Unlike GMA or Howard Stern, these market leaders are not "morning shows" or talk, gossip, entertainment or comedy shows, they are almost entirely political and have long influenced the public on elections, wars and every major policy issue by cherrypicking "news", guests and commentary.
FCC officials discussing this case recently revealed a key factor is determining and evidencing "political intent", for example the express desire to influence elections. Yet again, the proof is ample - from these talk hosts themselves, from their promos and their executives. Jerry Bott, director of programming and operations at WISN radio in Milwaukee in his own words:
"Hosts on conservative talk radio affect public opinion by making a convincing case that conservative principles are powerful, proper, and effective.
This has an effect on public opinion in areas where conservative talk radio can be heard which, in turn, provides a fertile environment for conservatives seeking public office to be elected."
Rush Limbaugh was inducted as an "honorary member" of the Republican House Caucus after their 1994 landslide, confirming the talk host was the single most important contributor to their victory.
The Case For Propaganda is...More Propaganda
We've heard bellicose defense of the right to openly broadcast in bias, claiming the First Amendment trumps the public interest. Despite those calling for the right to be intentionally misinformed, the law says if it's over the publicly owned airwaves, they have to allow the full story to come out.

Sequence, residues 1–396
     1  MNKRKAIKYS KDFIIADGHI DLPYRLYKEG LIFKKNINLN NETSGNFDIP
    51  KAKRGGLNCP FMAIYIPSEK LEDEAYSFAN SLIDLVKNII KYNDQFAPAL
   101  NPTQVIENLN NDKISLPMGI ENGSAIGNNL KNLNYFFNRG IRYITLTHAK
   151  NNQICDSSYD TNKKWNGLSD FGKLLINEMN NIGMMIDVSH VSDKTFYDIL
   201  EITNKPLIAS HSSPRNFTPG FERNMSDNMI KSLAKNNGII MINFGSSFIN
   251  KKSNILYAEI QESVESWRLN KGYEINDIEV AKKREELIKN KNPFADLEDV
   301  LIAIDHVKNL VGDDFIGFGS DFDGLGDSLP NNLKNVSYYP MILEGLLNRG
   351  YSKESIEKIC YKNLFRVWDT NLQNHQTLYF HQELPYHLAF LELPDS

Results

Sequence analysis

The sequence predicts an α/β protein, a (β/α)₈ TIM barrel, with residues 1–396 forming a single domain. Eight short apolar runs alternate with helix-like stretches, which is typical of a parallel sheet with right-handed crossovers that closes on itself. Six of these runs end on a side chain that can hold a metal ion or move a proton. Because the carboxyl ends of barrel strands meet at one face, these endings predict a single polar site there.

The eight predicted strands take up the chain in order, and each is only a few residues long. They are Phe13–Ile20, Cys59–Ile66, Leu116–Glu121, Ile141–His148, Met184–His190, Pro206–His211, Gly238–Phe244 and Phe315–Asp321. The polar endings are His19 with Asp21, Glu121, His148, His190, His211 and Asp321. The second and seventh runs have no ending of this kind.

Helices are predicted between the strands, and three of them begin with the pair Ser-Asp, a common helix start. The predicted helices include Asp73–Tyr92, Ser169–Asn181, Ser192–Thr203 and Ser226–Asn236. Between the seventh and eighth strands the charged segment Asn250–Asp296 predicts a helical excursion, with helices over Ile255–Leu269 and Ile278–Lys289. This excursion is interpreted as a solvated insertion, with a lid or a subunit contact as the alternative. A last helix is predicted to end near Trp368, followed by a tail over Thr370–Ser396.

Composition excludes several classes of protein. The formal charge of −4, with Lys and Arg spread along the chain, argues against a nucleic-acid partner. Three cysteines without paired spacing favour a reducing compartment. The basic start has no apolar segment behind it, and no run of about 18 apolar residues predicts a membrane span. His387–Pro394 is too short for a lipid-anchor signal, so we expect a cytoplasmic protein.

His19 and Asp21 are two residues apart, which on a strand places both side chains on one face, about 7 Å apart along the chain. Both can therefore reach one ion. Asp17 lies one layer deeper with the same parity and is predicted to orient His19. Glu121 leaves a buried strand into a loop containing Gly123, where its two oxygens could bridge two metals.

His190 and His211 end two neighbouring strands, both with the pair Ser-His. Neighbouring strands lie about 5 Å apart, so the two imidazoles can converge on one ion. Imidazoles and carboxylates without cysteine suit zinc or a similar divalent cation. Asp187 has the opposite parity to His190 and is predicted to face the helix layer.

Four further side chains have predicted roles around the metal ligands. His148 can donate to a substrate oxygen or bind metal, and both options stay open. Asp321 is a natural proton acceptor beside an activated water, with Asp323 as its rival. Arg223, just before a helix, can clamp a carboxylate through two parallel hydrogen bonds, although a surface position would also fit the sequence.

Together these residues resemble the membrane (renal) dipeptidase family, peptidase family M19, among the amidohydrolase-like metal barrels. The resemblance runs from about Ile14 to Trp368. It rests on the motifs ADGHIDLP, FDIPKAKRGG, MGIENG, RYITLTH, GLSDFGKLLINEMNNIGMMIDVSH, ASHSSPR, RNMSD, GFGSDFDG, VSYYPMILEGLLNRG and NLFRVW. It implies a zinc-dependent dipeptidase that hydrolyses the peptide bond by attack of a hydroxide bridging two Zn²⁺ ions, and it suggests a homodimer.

In filing FCC applications, broadcasters acknowledge that the privilege to use limited public bandwidth comes with a responsibility to allow opportunity for all major candidates to present relevant facts informing political affairs, and specifically to prioritize the public interest over their own interest.
Today's personality-driven shows clearly include on-air electioneering, yet also claim exemptions carved out for "news interview" shows.
As Sue Wilson of the Media Action Center reminds us, there is a widespread, fundamental misunderstanding of how public airwaves can be used for political "free speech" with the largest talk hosts in the country flouting the Communications Act of 1934 (47 USC Section 315) or "Zapple Doctrine," which stipulates that in the 60 days prior to an election, broadcasters who provide airtime to one candidates' views must allow time for the other side if requested.
Over the decades, the FCC has refused to enforce this provision, and the public has been unaware, confused, misled or apathetic to the issue - until now.
A bonafide "news interview" show, according to the law, must be "non-partisan, not supporting any candidates". This is cut and dry, folks.
Limbaugh and Hannity's broadcasts clearly segregate "news" reports on the hour from show content. But even if you buy that Hannity's cavalcade of conservative guests and lopsided caller selections somehow constitute balance, the veneer is shattered in the show's intro when they tout themselves as "The Stop Obama Express".
We've heard for years that right wing radio is under attack because the left cannot compete in the marketplace. This is a lie so bold, the right disproves it themselves every time the accuse the "mainstream media" of being "in the tank" for the left. It can't be both, can it?
Many contend that right wing radio is not as profitable as we think, nor a result of free market consumer choice, rather the partisan, pro-corporate voices we hear every day were installed in key markets in order to crystallize public opinion with political messaging. Here, Forbes confirms that Clear Channel's entire radio broadcasting division is but "a loss leader".
For starters, Fox News lost hundreds of millions, some $450 million in their first five years. The reason they were able to last and become profitable was because owner Rupert Murdoch's News Corp was willing to bleed so much money.